Kirkcaldy's maritime history has seen much tidal erosion.
There are many stories to be told - perhaps even in this Project - of the town's harbours and sailors.
But this month we honour one man and his shipbuilding business.
John Key was a visionary industrialist and shipbuilder whose vessels, as well as his reputation, sailed the seven seas to distant climes in the second half of the 19th century.
Key's engines were constructed in Kirkcaldy and the ships were completed at the Abden yard before setting Forth from Kinghorn en route to fame and sometimes misfortune.
Kirkcaldy Engineer and Ship Builder
This month sees another object which at the outset of the project was not scheduled for inclusion. Once again, it was unrelated research which led us to John Key and the two strands of his engineering business. Kirkcaldy, with its roots in the textile industry, had been a beneficiary of the industrial revolution where hand power was replaced by machinery. Most machinery was initially powered by wind or water but the invention of the rotating steam engine saw it become the major source of power for industrial purposes.
One of the major outcomes was the growth of engineering and engineers. John Key was such a man making his mark on Kirkcaldy between 1850 and his death in 1876. He was another huge figure who strode Kirkcaldy’s industrial stage and yet his name is barely remembered and certainly not commemorated.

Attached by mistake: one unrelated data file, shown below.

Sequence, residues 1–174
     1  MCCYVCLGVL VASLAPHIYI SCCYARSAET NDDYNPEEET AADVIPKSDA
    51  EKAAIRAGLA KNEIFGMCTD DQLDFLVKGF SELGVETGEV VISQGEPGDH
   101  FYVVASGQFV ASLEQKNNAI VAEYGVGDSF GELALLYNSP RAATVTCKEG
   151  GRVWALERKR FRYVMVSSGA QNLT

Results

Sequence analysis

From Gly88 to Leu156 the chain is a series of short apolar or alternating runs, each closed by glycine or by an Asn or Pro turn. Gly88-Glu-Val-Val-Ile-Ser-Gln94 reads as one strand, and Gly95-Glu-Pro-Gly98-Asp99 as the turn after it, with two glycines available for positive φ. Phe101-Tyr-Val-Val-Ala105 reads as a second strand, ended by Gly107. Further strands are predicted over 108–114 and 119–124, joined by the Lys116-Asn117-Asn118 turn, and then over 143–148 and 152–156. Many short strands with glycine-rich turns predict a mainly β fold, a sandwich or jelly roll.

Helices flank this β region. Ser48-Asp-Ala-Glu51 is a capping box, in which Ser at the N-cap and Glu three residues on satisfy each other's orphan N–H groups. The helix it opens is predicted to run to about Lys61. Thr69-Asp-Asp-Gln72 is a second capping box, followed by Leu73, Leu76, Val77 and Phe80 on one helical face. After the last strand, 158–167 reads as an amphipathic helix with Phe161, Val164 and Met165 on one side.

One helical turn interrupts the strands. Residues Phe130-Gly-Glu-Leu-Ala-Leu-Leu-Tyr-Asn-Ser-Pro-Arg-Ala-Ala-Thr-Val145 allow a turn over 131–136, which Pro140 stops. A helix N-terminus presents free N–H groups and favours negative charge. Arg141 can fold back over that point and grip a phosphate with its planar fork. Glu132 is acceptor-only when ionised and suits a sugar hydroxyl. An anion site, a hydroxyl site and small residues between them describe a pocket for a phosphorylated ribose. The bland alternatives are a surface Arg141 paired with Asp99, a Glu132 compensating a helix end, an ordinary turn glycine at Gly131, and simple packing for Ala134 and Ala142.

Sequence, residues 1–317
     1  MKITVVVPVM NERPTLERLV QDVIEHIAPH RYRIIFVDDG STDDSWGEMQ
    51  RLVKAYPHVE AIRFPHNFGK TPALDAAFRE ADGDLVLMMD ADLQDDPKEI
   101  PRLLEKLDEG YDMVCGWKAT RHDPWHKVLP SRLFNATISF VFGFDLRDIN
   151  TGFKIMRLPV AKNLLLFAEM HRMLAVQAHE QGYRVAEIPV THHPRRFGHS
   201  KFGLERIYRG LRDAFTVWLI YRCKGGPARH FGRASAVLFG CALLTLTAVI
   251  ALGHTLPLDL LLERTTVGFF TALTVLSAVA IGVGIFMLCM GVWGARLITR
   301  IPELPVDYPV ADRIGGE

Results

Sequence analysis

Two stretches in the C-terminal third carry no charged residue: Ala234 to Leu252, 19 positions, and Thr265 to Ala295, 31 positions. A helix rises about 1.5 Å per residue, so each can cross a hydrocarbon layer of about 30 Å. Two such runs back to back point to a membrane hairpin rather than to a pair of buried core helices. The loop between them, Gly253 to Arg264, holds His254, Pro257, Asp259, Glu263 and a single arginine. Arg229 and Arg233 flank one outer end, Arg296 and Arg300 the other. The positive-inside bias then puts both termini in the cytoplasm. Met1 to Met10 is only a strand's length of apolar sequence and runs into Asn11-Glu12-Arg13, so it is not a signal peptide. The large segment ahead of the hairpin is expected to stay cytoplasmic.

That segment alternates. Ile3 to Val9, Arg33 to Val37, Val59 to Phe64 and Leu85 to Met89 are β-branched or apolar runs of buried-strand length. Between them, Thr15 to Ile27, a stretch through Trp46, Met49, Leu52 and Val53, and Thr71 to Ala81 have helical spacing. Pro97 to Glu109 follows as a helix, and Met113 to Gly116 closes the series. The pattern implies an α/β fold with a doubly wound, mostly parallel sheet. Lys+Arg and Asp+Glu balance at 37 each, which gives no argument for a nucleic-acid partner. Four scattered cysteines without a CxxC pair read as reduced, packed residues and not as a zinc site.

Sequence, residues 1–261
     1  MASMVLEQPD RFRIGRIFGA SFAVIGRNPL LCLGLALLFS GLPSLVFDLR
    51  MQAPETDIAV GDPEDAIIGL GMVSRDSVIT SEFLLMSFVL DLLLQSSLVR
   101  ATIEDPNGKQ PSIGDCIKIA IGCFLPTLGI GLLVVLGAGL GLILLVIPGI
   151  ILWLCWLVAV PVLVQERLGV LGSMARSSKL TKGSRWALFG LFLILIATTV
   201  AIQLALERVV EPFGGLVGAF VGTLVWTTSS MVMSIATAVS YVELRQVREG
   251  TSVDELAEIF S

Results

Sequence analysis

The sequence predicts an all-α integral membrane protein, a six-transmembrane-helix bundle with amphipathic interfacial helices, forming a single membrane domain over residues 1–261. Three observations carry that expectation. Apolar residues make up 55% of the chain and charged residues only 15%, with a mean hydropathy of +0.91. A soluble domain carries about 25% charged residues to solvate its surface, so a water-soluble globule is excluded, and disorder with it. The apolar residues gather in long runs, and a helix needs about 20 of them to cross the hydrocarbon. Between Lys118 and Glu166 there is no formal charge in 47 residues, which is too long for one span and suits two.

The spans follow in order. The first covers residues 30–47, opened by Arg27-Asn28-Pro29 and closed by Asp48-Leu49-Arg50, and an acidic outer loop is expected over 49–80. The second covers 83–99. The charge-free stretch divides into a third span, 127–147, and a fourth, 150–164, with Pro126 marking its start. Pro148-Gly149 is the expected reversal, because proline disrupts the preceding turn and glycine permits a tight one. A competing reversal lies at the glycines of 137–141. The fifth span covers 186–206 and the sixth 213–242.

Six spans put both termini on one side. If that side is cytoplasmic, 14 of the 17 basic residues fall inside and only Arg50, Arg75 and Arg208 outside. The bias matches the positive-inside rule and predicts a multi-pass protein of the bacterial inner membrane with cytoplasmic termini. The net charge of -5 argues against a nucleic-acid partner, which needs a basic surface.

John Key was born in rural Perthshire and on leaving school served his apprenticeship as a millwright. Key was ambitious and at an early age he saw that there were limits to what could be achieved in building corn mills! He took the unusual step of undertaking a second apprenticeship, this time in engineering with the Dundee firm of J & C Carmichael. He could not have chosen better with this pioneering innovative firm being involved in building early railway locomotives, the first engines for the Tay ferries, along with a range of agricultural and mill machinery.
Having completed his second apprenticeship, like so many before and after him, he set out for London. Here he found work with probably one of the best known marine engineers of the mid-1800s. John Penn had inherited his father’s agricultural engineering business but started to concentrate on his particular interest of marine engines for ships. He was successful in this and won major naval contracts and even provided replacement engines for the S.S. Great Britain. John Key was again working at the cutting edge of technology with one of the leading engineering firms of the day. After his marriage he returned to Scotland and took up a post as engineer/manager of the Wemyss Collieries.
In 1850, feeling that he was now equipped with sufficient knowledge and experience to start his own business, he set up at the foot of Heggie’s Wynd. Starting out with only himself and one other man he began building steam engines. Soon he had taken on more employees and such was his success that by 1860 he was employing 150 men – his Whitebank Engine Works became one of the biggest engineering firms in the town. He had moved to a site just off Dunnikier Road close to the railway line which gave the benefit of a direct link to the harbour for ease of transporting his finished articles. He was building steam engines for both industry and shipping – with his products meeting an international demand – not just a local one.